Please Note – ALWAYS turn OFF the power to your boiler when re-pressurizing your central heating system.

How To Re-Pressurise Your Heating


To re-pressurise your central heating, you’ll need to locate your filling loop.

The filling loop is the pipe that connects your central heating system to the mains water supply – some systems have an external one, while others have an internal loop.

The filling loop isn’t part of your boiler – but it will connect to it, so should be nearby.

If you have an external filling loop, it will probably look something like the image below and you’ll have to turn the taps to allow water into the system.

Image of an external central heating filling loop

The taps you are looking for are normally black in colour and may even have the words ‘filling loop’ on them.

Don’t turn any taps other than those connected to the filling loop.

Turn the taps slowly in order to safely control the flow of water into the system, being careful not to exceed the required level.

You should hear water being fed through the inlet pipe and into your central heating system.

Alternatively, you might have an internal filling loop key attached to a panel at the bottom of your boiler – like the one in this video – or a couple of filling taps situated underneath, like this.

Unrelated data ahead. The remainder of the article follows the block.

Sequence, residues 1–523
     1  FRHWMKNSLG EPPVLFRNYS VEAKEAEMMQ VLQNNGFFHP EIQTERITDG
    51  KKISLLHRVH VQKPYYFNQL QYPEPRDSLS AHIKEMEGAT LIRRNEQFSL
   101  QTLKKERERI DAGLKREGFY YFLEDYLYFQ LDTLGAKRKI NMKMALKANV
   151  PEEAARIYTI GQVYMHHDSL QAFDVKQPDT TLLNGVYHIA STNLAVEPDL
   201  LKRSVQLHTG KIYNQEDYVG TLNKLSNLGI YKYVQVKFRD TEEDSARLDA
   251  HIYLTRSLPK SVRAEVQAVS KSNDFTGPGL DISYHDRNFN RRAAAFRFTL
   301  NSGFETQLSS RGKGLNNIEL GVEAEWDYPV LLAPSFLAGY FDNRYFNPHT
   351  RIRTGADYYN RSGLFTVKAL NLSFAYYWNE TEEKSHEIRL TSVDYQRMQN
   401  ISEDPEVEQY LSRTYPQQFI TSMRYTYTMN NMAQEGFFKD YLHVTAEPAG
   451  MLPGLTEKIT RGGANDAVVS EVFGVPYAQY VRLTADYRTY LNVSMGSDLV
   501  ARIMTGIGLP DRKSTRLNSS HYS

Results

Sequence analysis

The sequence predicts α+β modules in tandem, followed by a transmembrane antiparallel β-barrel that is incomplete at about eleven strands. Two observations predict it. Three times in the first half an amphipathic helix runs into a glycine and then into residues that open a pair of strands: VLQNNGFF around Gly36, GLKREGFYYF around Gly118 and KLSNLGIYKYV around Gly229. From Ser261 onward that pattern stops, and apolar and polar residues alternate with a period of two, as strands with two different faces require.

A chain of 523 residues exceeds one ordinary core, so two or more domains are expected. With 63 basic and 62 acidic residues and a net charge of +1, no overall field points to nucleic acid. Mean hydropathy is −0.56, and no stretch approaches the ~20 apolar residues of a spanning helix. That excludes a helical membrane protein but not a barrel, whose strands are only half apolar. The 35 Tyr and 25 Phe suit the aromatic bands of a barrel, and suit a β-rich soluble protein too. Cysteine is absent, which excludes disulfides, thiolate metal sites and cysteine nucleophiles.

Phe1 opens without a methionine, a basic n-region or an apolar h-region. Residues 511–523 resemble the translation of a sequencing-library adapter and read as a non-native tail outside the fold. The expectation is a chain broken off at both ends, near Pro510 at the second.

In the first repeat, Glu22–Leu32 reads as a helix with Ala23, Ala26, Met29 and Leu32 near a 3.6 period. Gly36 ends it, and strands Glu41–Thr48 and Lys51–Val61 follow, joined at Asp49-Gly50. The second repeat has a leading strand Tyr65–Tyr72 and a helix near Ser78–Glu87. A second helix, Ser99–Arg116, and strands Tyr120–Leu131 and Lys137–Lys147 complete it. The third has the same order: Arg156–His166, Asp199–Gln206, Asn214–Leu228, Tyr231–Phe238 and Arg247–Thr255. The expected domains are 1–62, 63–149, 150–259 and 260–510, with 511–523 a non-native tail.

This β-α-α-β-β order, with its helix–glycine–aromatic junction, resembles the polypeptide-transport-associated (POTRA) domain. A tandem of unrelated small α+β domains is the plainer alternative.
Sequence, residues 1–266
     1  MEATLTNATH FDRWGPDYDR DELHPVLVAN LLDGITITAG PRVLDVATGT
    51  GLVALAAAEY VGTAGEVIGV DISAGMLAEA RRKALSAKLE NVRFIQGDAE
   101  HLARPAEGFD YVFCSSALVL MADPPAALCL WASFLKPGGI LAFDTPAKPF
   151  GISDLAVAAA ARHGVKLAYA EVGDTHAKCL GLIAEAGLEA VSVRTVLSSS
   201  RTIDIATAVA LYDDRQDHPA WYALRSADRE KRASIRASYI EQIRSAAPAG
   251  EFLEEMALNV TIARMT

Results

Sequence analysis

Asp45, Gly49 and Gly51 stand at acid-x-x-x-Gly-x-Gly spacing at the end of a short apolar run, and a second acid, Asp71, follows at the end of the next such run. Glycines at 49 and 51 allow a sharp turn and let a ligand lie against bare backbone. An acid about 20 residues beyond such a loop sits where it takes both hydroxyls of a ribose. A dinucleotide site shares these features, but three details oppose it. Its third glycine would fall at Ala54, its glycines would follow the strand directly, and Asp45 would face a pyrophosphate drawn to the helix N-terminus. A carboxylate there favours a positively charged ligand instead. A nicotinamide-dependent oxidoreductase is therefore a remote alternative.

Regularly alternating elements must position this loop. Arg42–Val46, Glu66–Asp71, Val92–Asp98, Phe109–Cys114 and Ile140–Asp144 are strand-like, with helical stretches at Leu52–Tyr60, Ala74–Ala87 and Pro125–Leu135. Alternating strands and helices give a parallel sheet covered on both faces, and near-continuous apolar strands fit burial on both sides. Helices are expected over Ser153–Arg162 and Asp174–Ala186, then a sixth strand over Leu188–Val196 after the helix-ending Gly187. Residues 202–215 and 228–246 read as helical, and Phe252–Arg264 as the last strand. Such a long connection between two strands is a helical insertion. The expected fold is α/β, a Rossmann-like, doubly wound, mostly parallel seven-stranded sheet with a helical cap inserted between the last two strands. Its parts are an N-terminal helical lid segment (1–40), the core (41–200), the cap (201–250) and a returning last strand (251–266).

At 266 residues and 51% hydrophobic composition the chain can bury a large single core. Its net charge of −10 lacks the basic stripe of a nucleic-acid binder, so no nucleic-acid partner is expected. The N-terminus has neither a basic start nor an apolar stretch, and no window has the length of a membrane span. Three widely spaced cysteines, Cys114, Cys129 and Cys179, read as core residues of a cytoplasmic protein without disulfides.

Internal filling loop taps for a central heating boiler

Please Note – Different boiler manufacturers and installers will recommend different optimum operating pressures for your boiler and central heating, so be sure to consult your user manual. If you are unsure of what the correct pressures are, please seek professional advice.

You’ve Just Bled Your Radiator!


Well done – if you followed all the steps above, you should have successfully bled your first radiator.

If the problem persists, simply repeat the process and you should be fine.

It could be that you didn’t get all of the air the first time you did it and it’s not uncommon to have to bleed a radiator a few times to get all of the air out.

Good luck and happy radiator bleeding!


stay safe and happy heating